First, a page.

More information on Jessie King can be found in Jude Burkhauser's excellent book Glasgow Girls: Women in Art & Design 1880 - 1920. There's also a biography by Colin White, The Enchanted World of Jessie M. King, which sounds completely fascinating -- but alas, I can't vouch for it personally as I've not yet found a copy I can afford!  King's work can be viewed online on the Art Passions website, and on the Jessie M. King blog. It's also possible to visit King and Taylor's old home in Kirkcudbright, which is now The Greengate B&B.

Book illustration by Jessie M. King

Princess Melilot and House of Pomegranate by Jessie M. King

Comments

Thankyou Terri, I didn't know of this artist. I note she studied under Charles Rennie Mackintosh, who is one of my favourite artists. I've learnt so much from your very generous posts, and really appreciate it. The last pic. is really lovely. Do you know if it is mixed media? Her hair looks like fabric. I did try to find out, but haven't been successful yet. Thanks again, am really enjoying discovering what there is to know about this artist. ox

I think the last piece is watercolor, not mixed media, but I've never seen the original so I can't be sure. She was famous for using unusual colors and pigments in her pieces, particularly after she became interested in the work of the Russian designer Leon Bakst during her time in Paris:

http://www.vam.ac.uk/content/articles/b/biography-of-leon-bakst/

Thanks for your kind words, Margaret.

ms. king is a new artist to me. very beautiful work, i have a soft spot for art nouveau, and her work is stunning.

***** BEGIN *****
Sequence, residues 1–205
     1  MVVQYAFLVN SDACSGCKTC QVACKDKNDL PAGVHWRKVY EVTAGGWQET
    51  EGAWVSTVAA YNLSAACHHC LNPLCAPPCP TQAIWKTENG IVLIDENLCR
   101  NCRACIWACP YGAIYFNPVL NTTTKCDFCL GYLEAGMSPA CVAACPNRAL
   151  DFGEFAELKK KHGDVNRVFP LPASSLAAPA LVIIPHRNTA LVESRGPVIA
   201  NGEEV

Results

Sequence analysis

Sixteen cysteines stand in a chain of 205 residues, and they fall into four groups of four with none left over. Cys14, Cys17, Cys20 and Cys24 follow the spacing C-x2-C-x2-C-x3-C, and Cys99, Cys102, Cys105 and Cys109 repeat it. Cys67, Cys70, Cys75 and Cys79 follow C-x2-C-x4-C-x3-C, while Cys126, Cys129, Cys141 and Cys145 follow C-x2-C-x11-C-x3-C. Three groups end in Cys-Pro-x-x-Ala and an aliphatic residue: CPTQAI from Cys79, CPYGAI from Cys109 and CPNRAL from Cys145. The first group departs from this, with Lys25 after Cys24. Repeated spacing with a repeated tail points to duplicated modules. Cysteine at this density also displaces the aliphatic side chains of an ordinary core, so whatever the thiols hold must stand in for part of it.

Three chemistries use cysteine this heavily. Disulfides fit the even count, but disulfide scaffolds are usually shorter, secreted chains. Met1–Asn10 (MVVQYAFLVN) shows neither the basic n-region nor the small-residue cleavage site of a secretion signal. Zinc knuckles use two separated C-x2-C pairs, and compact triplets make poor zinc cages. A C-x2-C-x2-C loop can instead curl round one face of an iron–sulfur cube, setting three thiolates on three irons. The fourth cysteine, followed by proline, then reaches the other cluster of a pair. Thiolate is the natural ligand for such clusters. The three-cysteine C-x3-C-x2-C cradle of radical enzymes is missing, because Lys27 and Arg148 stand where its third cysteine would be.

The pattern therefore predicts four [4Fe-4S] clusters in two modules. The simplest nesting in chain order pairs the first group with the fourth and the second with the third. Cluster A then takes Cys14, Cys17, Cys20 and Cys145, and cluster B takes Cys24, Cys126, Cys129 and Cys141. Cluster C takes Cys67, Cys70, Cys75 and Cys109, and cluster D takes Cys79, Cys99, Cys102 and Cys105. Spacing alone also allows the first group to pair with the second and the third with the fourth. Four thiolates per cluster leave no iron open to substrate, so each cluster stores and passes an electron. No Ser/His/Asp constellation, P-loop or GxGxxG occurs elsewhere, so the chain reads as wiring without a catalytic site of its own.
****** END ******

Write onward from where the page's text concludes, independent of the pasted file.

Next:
this is brilliant stuff! thanks!! :) love it!

The Colin White book on herself is lovely, full of wonderful photos of her art and of her. I really must send you several of the later. When I first saw the photos of Jessie I felt such a longing to have known the woman pictured there. Also there is another book by Colin White, 'A Guide to the Printed Work of Jessie M. King' a bibliography of all of her work that includes a CD with 100s of images.

Thank you so much for spotlighting these amazing women artists. We should not forget that we have been lifted by them, and cherish and respect the time and latitude we have. I was unfamiliar with either of these wondrous artists you've highlighted, and now I feel so much richer!

I have a book about her work and find it beautiful.I agree it would be wonderful to go back in time and visit some of the fascinating circle of the past.Thanks for the lovely post Oh! for more inspiring women!!!!!

I have one of her small books, only in black and white, back in Scotland.

But it;s her contemporary, Phoebe Ann Traquair, who's work really knocks me over and I have a small piece of her art. I can stand before it contemplating it over and over.

Jane

oooh

Jane, I love Phoebe too!

I have to de-lurk on this post. Hi!
Jessie M King is one of my favourite "Glasgow Girls". I first encountered her work in the exhibition of the same name in the late 1980s when I was in Glasgow. The book of the exhibition is one of my prized possessions and a source of inspiration for much of my creative work, one way or another. Other favourites from the book are Olive Carleton Smyth and Margaret MacDonald Mackintosh - her "Opera Of The Sea" is just stunning.
Going back to lurk now :-)